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Arthur Betz Laffer (/ˈlæfər/;[1] born August 14, 1940) is an American economist who first gained prominence during the Reagan administration as a member of Reagan's Economic Policy Advisory Board (1981–89). Laffer is best known for the Laffer curve, an illustration of the concept that there exists some tax rate between 0% and 100% that will result in maximum tax revenue for governments. He is the author and co-author of many books and newspaper articles, including Supply Side Economics: Financial Decision-Making for the 80s. Laffer is Policy Co-Chairman (with Lawrence "Larry" Kudlow) of the Free Enterprise Fund and serves on the "Board of Scholars" of the American Legislative Exchange Council (ALEC).[2] Laffer was one of four economists who acted as advisors to Donald Trump's successful 2016 campaign for the presidency of the United States.[3]

Arthur Laffer
Artur Laffer.jpg
Arthur Betz Laffer

(1940-08-14) August 14, 1940 (age 78)
FieldPolitical economics
School or
Supply-side economics
Alma materYale University (BA, 1963) Stanford University (PhD, 1972; MBA, 1965)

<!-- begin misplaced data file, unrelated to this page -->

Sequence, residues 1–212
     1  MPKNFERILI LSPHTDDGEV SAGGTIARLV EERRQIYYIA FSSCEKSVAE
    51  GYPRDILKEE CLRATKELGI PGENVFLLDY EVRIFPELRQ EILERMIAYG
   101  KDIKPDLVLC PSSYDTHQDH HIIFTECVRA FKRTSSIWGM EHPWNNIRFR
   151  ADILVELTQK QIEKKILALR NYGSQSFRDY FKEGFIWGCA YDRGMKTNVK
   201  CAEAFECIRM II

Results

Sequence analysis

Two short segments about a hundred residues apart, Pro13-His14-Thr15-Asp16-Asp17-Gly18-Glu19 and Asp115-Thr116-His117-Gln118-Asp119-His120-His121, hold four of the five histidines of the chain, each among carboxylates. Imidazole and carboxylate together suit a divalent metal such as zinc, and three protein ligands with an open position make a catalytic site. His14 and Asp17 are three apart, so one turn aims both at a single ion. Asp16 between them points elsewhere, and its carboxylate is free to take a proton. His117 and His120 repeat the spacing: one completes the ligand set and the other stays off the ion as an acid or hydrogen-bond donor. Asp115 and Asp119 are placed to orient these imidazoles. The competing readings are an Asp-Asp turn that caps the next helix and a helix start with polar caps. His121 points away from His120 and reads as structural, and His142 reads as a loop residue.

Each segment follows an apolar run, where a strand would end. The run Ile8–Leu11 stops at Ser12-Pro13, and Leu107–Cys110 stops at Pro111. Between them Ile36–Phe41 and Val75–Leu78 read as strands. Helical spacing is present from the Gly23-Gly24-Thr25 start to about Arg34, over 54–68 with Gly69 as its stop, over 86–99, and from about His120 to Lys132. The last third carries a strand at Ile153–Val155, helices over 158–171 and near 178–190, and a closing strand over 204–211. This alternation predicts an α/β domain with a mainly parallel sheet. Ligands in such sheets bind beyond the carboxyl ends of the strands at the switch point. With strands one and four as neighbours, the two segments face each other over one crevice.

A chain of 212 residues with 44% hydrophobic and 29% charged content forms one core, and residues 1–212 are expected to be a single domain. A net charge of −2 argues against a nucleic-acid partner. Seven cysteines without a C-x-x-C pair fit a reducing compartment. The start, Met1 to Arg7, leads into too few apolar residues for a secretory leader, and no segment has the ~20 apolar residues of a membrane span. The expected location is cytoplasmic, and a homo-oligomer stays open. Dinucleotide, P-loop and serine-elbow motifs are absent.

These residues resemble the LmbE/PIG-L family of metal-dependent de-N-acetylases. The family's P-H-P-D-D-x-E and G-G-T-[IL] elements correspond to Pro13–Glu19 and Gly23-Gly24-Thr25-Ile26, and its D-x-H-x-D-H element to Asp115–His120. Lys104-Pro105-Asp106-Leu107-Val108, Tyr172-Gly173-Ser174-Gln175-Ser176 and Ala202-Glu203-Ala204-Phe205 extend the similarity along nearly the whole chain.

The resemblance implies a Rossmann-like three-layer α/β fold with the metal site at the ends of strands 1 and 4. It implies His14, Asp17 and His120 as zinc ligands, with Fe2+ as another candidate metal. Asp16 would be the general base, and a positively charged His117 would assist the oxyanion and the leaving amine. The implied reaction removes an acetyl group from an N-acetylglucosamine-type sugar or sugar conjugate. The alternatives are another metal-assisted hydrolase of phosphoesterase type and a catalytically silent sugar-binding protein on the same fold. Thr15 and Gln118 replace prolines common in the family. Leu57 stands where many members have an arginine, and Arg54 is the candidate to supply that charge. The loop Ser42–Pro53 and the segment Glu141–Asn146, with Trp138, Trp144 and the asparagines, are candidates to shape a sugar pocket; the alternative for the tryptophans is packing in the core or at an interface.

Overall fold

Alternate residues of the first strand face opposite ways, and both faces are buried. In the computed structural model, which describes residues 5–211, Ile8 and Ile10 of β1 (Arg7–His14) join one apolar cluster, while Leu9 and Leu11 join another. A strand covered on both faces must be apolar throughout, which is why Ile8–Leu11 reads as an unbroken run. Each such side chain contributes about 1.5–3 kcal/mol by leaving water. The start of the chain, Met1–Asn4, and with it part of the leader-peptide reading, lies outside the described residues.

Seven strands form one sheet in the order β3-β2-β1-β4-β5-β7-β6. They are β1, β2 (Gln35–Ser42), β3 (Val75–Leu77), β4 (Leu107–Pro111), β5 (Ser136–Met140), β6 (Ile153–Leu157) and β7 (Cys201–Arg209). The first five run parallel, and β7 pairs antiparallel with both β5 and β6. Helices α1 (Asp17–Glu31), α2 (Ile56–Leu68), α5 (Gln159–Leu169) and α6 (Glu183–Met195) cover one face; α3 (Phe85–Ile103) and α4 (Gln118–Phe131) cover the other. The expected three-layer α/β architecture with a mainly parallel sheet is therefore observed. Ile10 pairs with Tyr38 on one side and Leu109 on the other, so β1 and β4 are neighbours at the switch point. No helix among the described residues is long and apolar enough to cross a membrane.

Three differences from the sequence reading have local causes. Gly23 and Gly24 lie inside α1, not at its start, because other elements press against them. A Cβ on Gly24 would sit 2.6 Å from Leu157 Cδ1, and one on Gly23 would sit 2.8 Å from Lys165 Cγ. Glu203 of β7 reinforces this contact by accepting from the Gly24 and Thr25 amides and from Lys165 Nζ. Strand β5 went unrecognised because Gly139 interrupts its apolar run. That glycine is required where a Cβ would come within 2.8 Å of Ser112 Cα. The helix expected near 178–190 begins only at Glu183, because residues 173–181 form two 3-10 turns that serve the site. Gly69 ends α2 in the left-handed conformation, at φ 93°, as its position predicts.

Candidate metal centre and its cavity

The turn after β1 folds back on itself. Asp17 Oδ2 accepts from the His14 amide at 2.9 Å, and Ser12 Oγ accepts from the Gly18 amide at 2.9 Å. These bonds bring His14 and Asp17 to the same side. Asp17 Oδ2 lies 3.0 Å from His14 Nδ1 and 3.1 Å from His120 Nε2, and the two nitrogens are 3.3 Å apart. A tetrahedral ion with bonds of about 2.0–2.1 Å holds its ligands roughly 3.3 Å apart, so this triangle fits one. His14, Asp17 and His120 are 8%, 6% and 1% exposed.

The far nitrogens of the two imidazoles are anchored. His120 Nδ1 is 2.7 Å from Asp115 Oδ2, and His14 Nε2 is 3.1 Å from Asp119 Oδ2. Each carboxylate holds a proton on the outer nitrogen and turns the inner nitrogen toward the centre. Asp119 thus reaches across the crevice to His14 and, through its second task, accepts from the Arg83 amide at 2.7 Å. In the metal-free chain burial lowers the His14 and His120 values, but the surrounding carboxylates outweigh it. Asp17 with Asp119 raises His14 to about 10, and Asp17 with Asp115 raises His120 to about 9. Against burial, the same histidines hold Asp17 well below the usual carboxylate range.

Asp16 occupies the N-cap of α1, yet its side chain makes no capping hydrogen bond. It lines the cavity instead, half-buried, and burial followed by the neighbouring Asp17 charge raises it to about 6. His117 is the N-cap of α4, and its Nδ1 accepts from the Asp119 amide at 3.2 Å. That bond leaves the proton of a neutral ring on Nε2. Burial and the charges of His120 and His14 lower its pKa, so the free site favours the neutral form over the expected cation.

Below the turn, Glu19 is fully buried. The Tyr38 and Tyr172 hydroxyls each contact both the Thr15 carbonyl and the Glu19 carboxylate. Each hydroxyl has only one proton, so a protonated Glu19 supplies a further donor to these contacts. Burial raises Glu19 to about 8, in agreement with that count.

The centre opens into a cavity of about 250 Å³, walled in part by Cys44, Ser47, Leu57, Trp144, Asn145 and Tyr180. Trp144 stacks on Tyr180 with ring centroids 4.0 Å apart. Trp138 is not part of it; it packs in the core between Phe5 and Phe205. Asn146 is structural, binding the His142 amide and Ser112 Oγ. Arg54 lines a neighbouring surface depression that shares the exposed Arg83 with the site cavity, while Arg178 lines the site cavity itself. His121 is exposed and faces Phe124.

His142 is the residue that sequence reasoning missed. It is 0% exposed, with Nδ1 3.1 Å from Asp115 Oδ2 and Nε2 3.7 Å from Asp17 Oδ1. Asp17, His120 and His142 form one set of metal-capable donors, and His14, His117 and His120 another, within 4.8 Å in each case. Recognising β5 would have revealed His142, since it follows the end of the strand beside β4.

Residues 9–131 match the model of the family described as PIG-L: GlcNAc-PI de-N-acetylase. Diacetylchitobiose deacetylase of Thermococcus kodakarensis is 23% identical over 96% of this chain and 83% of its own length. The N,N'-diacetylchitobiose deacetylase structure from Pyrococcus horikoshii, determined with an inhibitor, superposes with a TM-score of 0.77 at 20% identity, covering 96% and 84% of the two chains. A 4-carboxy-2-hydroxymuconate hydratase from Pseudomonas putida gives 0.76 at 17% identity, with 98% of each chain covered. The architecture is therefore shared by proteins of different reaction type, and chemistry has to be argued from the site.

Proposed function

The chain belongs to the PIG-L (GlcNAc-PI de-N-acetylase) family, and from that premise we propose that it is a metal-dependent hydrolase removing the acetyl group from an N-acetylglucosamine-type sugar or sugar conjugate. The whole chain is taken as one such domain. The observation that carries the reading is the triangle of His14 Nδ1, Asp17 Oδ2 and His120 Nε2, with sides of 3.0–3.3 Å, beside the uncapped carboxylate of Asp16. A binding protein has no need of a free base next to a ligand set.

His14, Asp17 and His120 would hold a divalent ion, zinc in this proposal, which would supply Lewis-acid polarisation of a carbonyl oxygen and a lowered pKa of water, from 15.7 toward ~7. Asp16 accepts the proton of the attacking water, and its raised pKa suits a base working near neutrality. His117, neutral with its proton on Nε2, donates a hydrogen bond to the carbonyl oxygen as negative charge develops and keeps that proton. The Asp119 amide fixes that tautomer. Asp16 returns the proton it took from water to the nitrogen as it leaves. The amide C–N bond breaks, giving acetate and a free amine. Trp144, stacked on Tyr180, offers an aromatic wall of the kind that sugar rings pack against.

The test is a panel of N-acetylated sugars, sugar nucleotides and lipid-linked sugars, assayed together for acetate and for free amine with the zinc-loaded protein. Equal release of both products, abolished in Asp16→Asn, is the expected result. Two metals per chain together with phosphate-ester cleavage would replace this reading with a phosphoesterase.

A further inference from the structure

Ronald McKinnon
ContributionsLaffer curve


Life and careerEdit

Laffer was born in Youngstown, Ohio, the son of Marian Amelia "Molly" (née Betz), a homemaker and politician, and William Gillespie Laffer, a president of the Clevite Corporation.[4][5][6] He was raised a Presbyterian,[7] and graduated from University School high school in 1958.[8] Laffer earned a B.A. in Economics from Yale University (1963) and an M.B.A. (1965) and a Ph.D. in Economics (1972) from Stanford University.

While he was teaching at the USC Marshall School of Business, Laffer played a key role in writing California Proposition 13, the property-tax-cap initiative that inspired a tax revolt across the nation.[citation needed]

In the mid-1980s, Laffer left to teach at Pepperdine University in nearby Malibu. Laffer remained on the faculty for several years.

In 1986, Laffer was a candidate for the Republican nomination for the U.S. Senate—which he lost in the California primary to U.S. Congressman Ed Zschau who lost in the general election to the incumbent, Democrat Alan Cranston. Laffer identifies himself as a staunch fiscal conservative and libertarian. He has stated publicly that he voted for President Bill Clinton in 1992 and 1996.[9] Laffer references President Clinton's conservative fiscal and unregulated market policies as cornerstones of his support.[10]

Laffer curveEdit

Although he does not claim to have invented the Laffer curve concept (Laffer, 2004), it was popularized with policy-makers following an afternoon meeting with Nixon/Ford Administration officials Dick Cheney and Donald Rumsfeld in 1974 in which he reportedly sketched the curve on a napkin to illustrate his argument.[11] The term "Laffer curve" was coined by Jude Wanniski, who was also present. The basic concept was not new; Laffer himself says he learned it from Ibn Khaldun and John Maynard Keynes.[12]